The Pain Diaries: What it's like to be a Single Mom with Rheumatoid Arthritis During the Holidays

December 27, 2019

 

 

Chronic illness doesn't care what time of year it is. Just because it is the holidays doesn't mean it's going to take a break, even when you feel like you desperately need one, preferably on a beach with a cocktail. The beginning of life or death doesn't care what time of year it is either.

 

 

When you are a single parent you are often not thinking about yourself but with a chronic illness you must listen to what your body needs and often forced to seem selfish. There's a constant juggle between energy and schedules, filled with doctor appointments, blood work, MRIs, medications and as my son refers to, boring stuff when he has to be carted along with me. Imagine how boring it is when all your energy goes into these. I am thinking how my son's life hasn't been hit with disease or other turmoils life throws us. He is so lucky to still hold onto the happiness of having your full health and life a head of you. How much I would love to go back to living so innocently and joyfully, without stress and disease.

 

 

Energy is an issue in the winter for me and my schedule gets busier than normal in December with Christmas and my son's birthday only weeks apart. I knew I was in for a marathon this month, I was preparing myself for it, physically, emotionally and financially, but still life has a way of being unpredictable and you can only prepare for so much.

 

Saying goodbye to an old friend and happy birthday to my son at the same time certainly makes me reflect on life and those we have around us.

 

Leading up to the days before my son's 7th birthday there was been a heavy focus on toys, cake and a party. I found myself reflecting on how 7 years before I only had 14 weeks to prepare for motherhood, a task I thought I never wanted but now cherish as a blessing that brings me the biggest joy in December.

 

However this year I am saying goodbye my old friend and I am trying to not let depression shatter the magic of my son's birthday and Christmas because I know it has a massive impact on my rheumatoid arthritis, both which have an affect on my mothering.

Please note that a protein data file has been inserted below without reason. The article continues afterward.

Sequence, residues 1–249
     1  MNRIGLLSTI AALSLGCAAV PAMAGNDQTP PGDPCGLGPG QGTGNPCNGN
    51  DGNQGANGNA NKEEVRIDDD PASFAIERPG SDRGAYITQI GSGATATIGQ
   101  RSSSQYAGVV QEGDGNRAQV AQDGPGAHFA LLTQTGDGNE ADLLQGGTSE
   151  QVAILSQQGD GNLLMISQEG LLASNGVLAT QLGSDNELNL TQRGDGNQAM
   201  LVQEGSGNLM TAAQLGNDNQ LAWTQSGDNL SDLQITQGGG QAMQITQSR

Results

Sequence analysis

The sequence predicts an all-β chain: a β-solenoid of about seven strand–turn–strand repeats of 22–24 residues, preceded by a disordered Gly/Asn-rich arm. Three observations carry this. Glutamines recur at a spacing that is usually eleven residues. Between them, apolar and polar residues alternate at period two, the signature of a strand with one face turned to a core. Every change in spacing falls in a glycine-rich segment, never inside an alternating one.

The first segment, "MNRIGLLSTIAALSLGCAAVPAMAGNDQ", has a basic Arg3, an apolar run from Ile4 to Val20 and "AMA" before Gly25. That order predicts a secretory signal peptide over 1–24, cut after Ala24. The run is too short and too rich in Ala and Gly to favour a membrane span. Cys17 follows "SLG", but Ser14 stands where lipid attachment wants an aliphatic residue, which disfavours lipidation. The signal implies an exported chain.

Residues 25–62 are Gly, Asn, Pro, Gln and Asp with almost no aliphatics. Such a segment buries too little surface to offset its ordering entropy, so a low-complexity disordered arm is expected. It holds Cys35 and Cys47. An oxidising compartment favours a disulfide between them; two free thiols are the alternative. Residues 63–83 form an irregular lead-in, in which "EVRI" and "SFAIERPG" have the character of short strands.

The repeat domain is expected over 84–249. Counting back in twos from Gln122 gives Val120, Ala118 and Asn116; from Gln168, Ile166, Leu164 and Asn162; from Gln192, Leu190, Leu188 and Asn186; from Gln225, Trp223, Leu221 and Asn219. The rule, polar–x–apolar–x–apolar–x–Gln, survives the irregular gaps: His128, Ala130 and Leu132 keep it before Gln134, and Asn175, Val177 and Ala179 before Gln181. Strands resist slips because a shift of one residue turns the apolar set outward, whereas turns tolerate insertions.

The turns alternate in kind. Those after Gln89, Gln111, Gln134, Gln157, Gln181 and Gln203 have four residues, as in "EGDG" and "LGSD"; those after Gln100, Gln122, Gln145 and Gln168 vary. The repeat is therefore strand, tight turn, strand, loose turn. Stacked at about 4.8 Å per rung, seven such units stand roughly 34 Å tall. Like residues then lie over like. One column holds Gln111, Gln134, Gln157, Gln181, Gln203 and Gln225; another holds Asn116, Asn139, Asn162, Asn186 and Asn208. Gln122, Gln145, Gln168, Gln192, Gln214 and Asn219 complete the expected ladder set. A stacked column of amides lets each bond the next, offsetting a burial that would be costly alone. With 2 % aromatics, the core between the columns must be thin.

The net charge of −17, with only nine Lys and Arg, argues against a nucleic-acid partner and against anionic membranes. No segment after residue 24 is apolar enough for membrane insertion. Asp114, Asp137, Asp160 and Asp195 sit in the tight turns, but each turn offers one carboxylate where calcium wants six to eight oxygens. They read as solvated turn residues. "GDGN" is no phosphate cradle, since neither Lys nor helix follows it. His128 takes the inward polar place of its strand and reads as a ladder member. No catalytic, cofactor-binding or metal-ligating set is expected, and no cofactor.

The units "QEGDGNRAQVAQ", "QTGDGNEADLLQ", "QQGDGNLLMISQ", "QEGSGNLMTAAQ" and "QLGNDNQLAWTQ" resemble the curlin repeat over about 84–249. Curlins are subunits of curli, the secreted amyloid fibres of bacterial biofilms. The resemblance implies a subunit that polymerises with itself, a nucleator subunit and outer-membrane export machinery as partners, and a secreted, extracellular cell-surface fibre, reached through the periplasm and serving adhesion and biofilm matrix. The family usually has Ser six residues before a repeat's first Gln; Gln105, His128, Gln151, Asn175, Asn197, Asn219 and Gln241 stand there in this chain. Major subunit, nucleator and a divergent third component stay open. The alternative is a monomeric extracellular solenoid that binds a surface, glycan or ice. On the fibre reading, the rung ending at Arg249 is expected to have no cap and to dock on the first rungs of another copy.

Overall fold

But sometimes when it rains it pours, living in Vancouver BC it's hard to not feel down in the winter with how much it rains on us.  My vitamin D is down, my doctor says that's common with anyone living here. I am trying to not feel so bleak.

 

My father is not visiting me this year as his partner is going through chemotherapy for cancer. They are all the way in Thailand and this year I feel the distance between us. For Christmas this year I created a website for his art, I could tell it brought him some joy in a dark time. Thanks to the internet we can still connect from across the world. Ever since the death of his mother, my grandmother, two days after Christmas, the holidays have always had a shadow cast over them, each year getting darker.

 

I've had a hard time getting into the Christmas spirit. I've been trying so hard to protect my son from the ugliness of life to make Christmas special for him. This is hard for any parent, let alone one dealing with chronic illness on top of it. I find myself fighting through fatigue, depression and pain to just keep up with life. It's not just mine I am looking after, but also my son.

 

At 7 he's confused if Santa really exists and I am not quite ready for him to lose the magic of believing in Santa. I need to be magical, through symptoms and stress. I need the joy of creating joy for my child to distract myself from the shit going on in my life and the world. We need the Christmas lights to bring some sparkle hope in ours lives during dark times.

 

I've been struggling with dexterity in my body and fatigue to prepare for Christmas while remembering my friend who was diagnosed with Muscular Dystrophy around the time I was diagnosed with rheumatoid arthritis. I am angry at myself for not visiting him yet I knew deep down the inevitable was steadily approaching one day. You just sometimes never know when. There were many Christmas and New years I spent at some of my happiest times with my old friend, when we were both young and disease free. I used to go go dance for his psychobilly/surf band The Dead Cats then skip a decade I am raising money for his wheelchair. It's hard to not have a heavy focus on what you can't do anymore when memories like this pop up.

 

It was also hard for me to not focus on what I couldn't do anymore when I receive comments from co-workers that I am useless there if I can't do something because I am struggling with the dexterity in my hands and wrist. I can feel the frustration of not being as able as some and I can sometimes see or experience  the frustration from others when I need help. Never a fun experience. I attempted to return to one day a week of work to provide the best I could for my kid during the holidays which made it special for me, that I could handle that.

 

 

 

I am grateful for the Christmas Bureau and friends who helped me make it special for him. There's no bonus pay with disability during Christmas, so I had to be smart and reach for help. My Christmas miracle was being sponsored by employees of the Ministry of Jobs, Trade and Technology.

 

Now all I want for Christmas is a painkiller for my rheumatoid arthritis.

 

 

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